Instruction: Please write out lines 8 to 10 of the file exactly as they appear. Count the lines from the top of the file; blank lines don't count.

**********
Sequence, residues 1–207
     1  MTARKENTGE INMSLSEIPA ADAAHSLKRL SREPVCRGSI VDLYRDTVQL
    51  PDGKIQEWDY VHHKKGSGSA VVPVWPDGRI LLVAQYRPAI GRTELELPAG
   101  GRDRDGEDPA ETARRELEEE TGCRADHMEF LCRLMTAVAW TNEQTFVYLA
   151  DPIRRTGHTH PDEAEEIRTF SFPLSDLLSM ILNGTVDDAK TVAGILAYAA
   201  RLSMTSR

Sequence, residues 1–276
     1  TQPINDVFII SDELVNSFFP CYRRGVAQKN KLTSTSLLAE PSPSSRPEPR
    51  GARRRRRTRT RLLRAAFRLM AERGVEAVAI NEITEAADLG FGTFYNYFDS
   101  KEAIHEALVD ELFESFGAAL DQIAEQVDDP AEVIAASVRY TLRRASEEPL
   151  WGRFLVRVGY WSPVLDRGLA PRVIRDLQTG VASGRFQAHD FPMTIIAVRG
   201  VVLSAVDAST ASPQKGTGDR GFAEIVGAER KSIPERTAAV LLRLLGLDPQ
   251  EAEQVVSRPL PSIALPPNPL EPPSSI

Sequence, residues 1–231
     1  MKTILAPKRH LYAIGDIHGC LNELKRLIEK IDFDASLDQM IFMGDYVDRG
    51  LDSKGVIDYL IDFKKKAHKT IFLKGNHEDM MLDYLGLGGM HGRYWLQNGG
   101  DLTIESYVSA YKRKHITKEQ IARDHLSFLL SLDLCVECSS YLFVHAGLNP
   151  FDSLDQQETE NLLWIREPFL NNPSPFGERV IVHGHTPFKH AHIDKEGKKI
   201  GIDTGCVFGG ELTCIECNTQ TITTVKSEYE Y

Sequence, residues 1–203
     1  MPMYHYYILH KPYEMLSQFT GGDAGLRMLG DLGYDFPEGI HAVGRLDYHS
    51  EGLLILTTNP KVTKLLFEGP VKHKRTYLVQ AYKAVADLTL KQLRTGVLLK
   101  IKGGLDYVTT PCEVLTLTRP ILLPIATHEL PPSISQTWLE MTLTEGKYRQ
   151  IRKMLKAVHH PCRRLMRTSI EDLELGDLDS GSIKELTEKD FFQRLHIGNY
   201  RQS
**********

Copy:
     1  TQPINDVFII SDELVNSFFP CYRRGVAQKN KLTSTSLLAE PSPSSRPEPR
    51  GARRRRRTRT RLLRAAFRLM AERGVEAVAI NEITEAADLG FGTFYNYFDS
   101  KEAIHEALVD ELFESFGAAL DQIAEQVDDP AEVIAASVRY TLRRASEEPL